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Mortgage Broker News | 27 Apr 2015, 08:03 AM Agree 0
A year after publishing a Globe and Mail article that drew broker ire for extolling the benefits of the AMP, CAAMP takes a more inclusive approach in this year's feature.
  • Steve | 27 Apr 2015, 10:37 AM Agree 0
    AMP, no AMP, doesn't make a broker. I agree that saying Brokers without AMP are "not as professional" is slanderous.
  • Jesse D | 27 Apr 2015, 10:49 AM Agree 0
    Funny, I know many AMP agents out there who know 'jack' about mortgages. AMP means nothing, just a money grab from CAAMP. Then again, CAAMP itself like IMBA and FSCO is also just a money grab. Useless!
  • Devon | 27 Apr 2015, 10:51 AM Agree 0
    I am not sure who an AMP is? Are they all the agents who have taken the course since the AMP inception designation or just the one who pay an annual fee? Are the ones who don't pay the annual fee less professional with the same knowledge?
  • Anne | 27 Apr 2015, 12:05 PM Agree 0
    It would seem the difference between an AMP and a non-AMP is essentially whether the person has paid CAAMP the fee (this is consistent with CAAMP's overall profit-making model). On one hand, this is really just a designation for purchase. On the other hand, a person buying it has to be a sucker if having it is without merit. Of course, a broker who is not a sucker is a better broker.
  • exAMP | 27 Apr 2015, 12:43 PM Agree 0
    Still amazed that I can be a member of the Canadian Association of Accredited Mortgage Professionals without being an AMP (Accredited Mortgage Professional)??? So the main difference I guess between the two is that an AMP is willing to write that second cheque?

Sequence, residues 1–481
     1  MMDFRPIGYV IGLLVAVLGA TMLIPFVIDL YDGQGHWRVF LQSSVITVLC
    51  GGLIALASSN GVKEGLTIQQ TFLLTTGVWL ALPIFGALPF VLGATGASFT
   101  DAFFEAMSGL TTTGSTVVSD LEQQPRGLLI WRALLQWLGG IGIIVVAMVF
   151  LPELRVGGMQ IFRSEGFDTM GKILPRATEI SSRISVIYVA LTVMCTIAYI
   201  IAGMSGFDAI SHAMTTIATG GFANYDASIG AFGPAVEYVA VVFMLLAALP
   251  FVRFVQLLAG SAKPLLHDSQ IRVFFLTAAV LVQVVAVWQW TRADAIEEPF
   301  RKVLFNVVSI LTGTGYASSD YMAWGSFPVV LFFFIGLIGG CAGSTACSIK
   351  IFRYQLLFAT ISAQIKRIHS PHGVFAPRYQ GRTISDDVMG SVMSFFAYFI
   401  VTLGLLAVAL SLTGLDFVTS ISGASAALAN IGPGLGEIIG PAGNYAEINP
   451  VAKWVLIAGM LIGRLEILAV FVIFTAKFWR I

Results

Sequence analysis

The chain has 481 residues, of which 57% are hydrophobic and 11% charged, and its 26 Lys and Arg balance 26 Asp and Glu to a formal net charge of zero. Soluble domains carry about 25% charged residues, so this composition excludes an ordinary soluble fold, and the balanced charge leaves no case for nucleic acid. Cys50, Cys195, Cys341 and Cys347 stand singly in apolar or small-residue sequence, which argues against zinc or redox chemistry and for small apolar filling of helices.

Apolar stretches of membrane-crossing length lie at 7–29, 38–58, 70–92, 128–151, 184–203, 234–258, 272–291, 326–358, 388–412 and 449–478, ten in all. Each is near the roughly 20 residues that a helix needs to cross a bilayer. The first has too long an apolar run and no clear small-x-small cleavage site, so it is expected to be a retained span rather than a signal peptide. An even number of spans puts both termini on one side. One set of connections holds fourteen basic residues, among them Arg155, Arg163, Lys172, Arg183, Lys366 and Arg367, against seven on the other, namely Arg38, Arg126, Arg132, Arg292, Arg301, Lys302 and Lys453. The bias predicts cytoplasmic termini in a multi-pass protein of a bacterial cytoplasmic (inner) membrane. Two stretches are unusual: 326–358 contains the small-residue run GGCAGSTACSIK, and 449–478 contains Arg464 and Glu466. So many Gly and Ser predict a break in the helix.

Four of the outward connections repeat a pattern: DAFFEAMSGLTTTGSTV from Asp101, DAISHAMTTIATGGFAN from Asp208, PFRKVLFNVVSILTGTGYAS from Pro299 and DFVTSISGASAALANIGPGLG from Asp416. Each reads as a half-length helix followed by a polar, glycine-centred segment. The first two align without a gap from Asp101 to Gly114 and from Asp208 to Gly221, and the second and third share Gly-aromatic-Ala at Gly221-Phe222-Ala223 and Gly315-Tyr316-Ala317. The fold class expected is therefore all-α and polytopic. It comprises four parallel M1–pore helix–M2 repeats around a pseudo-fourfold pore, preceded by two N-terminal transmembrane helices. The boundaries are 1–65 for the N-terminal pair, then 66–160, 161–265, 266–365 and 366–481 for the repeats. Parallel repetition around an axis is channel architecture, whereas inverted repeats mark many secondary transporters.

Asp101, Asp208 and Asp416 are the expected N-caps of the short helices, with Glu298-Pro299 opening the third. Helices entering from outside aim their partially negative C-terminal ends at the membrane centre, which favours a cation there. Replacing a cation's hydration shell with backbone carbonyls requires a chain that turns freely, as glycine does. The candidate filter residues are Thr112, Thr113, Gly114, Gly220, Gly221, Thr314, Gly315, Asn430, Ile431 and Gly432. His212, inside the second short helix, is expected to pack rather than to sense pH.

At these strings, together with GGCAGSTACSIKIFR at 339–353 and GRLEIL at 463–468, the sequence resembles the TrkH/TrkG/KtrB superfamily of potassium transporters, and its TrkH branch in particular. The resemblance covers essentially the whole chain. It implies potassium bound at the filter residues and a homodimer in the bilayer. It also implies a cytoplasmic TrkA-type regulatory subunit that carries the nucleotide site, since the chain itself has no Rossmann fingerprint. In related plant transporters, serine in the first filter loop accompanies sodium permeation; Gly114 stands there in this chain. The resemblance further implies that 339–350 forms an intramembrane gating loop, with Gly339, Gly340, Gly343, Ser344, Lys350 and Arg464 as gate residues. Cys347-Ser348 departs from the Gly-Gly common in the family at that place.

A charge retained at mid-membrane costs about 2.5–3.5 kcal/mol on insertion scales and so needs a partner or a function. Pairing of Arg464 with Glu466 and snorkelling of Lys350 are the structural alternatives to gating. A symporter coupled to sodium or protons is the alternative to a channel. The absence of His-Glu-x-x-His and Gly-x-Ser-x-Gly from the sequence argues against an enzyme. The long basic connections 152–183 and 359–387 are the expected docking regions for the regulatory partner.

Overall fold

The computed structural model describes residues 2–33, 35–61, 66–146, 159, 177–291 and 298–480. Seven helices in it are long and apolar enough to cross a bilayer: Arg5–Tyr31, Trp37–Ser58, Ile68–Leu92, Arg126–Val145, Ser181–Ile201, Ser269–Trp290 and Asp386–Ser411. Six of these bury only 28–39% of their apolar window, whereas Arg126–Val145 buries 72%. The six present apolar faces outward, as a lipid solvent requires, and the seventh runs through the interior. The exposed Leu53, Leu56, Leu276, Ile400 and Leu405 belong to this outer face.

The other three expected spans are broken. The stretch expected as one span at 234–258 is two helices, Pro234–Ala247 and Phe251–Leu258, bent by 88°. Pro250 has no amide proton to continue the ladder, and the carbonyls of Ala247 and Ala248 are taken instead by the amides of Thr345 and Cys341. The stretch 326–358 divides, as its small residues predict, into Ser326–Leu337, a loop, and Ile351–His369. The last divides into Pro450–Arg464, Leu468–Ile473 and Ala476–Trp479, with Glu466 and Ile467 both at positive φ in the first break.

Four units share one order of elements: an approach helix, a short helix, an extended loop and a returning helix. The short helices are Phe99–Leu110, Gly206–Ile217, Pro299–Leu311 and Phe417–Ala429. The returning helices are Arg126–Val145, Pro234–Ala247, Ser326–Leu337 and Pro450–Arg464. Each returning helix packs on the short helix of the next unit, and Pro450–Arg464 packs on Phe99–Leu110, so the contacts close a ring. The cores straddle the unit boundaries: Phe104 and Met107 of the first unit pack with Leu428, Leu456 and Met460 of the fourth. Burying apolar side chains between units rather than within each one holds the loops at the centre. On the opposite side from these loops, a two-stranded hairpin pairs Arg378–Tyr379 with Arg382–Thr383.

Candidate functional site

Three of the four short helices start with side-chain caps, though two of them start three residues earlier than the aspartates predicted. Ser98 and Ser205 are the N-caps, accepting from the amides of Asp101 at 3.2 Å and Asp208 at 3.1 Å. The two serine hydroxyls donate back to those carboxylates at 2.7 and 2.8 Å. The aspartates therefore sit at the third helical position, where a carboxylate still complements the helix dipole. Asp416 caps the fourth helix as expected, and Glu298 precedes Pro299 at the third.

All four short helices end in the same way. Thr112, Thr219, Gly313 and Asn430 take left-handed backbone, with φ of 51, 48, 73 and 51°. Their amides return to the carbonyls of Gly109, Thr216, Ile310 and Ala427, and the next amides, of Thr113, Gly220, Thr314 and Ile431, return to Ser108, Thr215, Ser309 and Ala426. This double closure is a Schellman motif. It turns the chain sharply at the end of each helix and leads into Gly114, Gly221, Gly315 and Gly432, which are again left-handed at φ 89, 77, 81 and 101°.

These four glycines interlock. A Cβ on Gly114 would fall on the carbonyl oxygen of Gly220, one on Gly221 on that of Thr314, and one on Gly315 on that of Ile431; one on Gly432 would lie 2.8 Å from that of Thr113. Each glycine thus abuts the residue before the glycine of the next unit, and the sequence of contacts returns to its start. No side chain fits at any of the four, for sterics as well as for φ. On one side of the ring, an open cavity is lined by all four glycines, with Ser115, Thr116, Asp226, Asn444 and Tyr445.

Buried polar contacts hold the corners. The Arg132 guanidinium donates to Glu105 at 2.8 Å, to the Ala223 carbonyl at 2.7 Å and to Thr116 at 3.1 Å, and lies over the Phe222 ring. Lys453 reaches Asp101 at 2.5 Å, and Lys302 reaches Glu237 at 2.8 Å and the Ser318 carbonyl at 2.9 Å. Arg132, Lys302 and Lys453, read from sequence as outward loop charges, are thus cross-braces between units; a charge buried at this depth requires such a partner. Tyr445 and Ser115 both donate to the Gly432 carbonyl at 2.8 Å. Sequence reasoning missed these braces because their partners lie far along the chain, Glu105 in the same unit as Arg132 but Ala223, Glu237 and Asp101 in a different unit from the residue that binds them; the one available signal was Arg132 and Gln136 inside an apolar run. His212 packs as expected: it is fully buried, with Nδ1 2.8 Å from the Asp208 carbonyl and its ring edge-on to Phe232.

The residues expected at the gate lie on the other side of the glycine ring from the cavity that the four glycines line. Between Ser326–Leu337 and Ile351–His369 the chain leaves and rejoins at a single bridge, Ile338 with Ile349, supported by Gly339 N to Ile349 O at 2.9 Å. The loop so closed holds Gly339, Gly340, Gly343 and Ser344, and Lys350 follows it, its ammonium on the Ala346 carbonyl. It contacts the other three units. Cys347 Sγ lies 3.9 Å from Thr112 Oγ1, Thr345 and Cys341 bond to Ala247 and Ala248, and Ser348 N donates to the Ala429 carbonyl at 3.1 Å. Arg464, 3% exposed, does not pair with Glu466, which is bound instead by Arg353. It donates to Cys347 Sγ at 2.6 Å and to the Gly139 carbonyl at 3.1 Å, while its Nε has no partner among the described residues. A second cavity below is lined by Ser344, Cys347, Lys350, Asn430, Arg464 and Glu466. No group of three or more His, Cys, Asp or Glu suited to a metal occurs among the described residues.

• Devon | 27 Apr 2015, 09:03 PM Agree 0
    I think there are some legal ramifications as we are all paying a membership fee to CAAMP to represent us as a group but on their website they advocate and promote only AMP's who pay an annual fee. Whether a member is an AMP or not ALL members pay CAAMP membership fee to represent them. Advocating for a sub group while pretending to represent the group as a whole is a gross misrepresentation of the services that CAAMP provide and I would suggest that CAAMP and Mr. Murphy should wake up, retract those comments and cease and desist from those practices before someone initiate a class action suit against him and CAAMP.
  • Jeremy | 28 Apr 2015, 12:06 PM Agree 0
    The following could cover part of the CAAMP business model for the past 20 years.

    Estimated average number of members - 10,000 per year

    Membership fees - $200 per year per member

    Total membership fees collected - $40 million dollars

    Fairness to mortgage broker by giving them the opportunity to be aware of secretive arrangements - ZERO!

    The look on brokers faces when they think about these numbers and arrangements - PRICELESS!

    Business plan - provide incentive (kickback) to the brokerages that force their underlings (brokers) to be members of CAAMP

    Everbody wins? No, brokers lose.

    No harm, no foul? Plenty of harm, it is all foul when kickbacks are not disclosed to brokers forced to pay for their memberships.